Oct 25, 2021 10:08 PM

China’s Pilot Property Tax Reforms Benefit Markets Despite Short-Term Pain, Analysts Say

China is set to roll out a property tax pilot program in some regions. Photo: VCG
China is set to roll out a property tax pilot program in some regions. Photo: VCG

China’s recently announced property tax pilot program looks likely to disrupt participating real estate markets in the short term and produce economic dividends in the long term, though the rewards won’t be enough for the headline-grabbing policy to solve the country’s local government budgetary problems all in one go, analysts said.

The five-year pilot program, which the national legislature authorized Saturday, will be carried out in some regions, the state-run Xinhua News Agency reported, without specifying the regions. The State Council will later decide when to kick off the program and which regions will participate.

The program shows that the government is picking up the pace of long-discussed plans to roll out a nationwide tax on property ownership, as policymakers have not waited for the legislature to pass a property tax law before moving ahead with the regional pilots. The program’s authorization came after President Xi Jinping wrote in an article (link in Chinese) earlier this month that the government should push ahead with property tax legislation and reform.

“Three considerations are the most important: an alternative source of fiscal revenue; curbing home price increase and enhancing common prosperity,” economists with Macquarie Capital Ltd. wrote in a recent note, commenting on why policymakers want to roll out the property tax.

Some analysts said that pilot reform will disrupt local property markets in the pilot cities. Home resale markets in the pilot cities will likely undergo some price swings for about half a year, which will eventually affect the markets for new homes, Ding Zuyu, CEO of property services provider E-House (China) Enterprise Holdings Ltd., wrote in a Monday note.

Ding said that large cities like Shanghai, Guangzhou, Shenzhen, Hangzhou, and Ningbo will likely be among the first batch of pilot cities.

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“Near-term pains are inevitable,” economists at Nomura International (Hong Kong) Ltd. wrote in a note. Although authorities will cautiously proceed with the tax reform and only gradually phase in the tax, the economists expect the launch of the reform would rein in market speculation and home prices.

Despite potential disruptions to the real estate industry, the Nomura economists estimate that the tax reform’s short-term impact on the macro economy could be small given the limited scale of the pilot program.

Some analysts said that there’s no certainty that the property tax reform would result in a drop in home prices. In the near term, the property ownership tax would mainly affect property owners’ valuation expectations, while real estate prices would ultimately depend on the supply and demand in the market involving long-term factors such as land supply and population, Luo Zhiheng, an economist at Yuekai Securities Co. Ltd., wrote in an analysis piece.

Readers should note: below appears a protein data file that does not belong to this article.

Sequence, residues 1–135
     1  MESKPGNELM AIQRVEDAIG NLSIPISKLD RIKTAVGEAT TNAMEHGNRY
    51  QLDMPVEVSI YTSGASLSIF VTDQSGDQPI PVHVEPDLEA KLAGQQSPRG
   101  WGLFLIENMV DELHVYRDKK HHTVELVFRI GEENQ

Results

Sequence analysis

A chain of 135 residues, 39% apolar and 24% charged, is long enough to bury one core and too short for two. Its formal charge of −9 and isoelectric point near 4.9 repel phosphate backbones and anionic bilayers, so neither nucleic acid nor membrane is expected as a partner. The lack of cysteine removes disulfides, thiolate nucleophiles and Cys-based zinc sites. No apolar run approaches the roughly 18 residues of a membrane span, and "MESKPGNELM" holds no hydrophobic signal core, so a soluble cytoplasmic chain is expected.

Property markets in major large cities — first-tier and core second-tier cities — will be relatively stable because the demand for homes is solid in places with growing populations, strong industrial foundation, and good job opportunities, analysts at brokerage Hongta Securities Co. Ltd. wrote in a note.

However, analysts generally believe that the property tax reform will have a significant long-term impact on the economy as it is part of a broader package of tax and property reforms.

Some analysts expect that the property ownership tax would be another major source of revenue for local governments as it will be increasingly difficult for them to depend on land sales revenue as the property market’s era of rapid growth draws to an end. In the future, real estate tax will gradually replace land sales revenue as a crucial source of fiscal revenue for local governments, E-House’s Ding said.

But analysts at Citic Securities Co. Ltd. estimated it will be difficult to replace the land sales revenue with the property tax. They estimated that levying an urban property ownership tax nationwide would bring in about 38 billion yuan ($6 billion) to 560 billion yuan in fiscal revenue, far less than the 8.4 trillion yuan in land sales revenue in 2020.

In addition, levying a tax on home ownership is expected to promote wealth equality as rich people with more property will likely see higher tax, some analysts said. “Taxing high-income groups through the property tax and redistributing income through secondary distribution in order to stimulate the spending power of low- and middle-income people is the most critical objective of the pilot reform,” analysts at Shenwan Hongyuan Securities Co. Ltd. wrote in a note.

Contact reporter Guo Yingzhe ( and editors Michael Bellart ( and Bertrand Teo (

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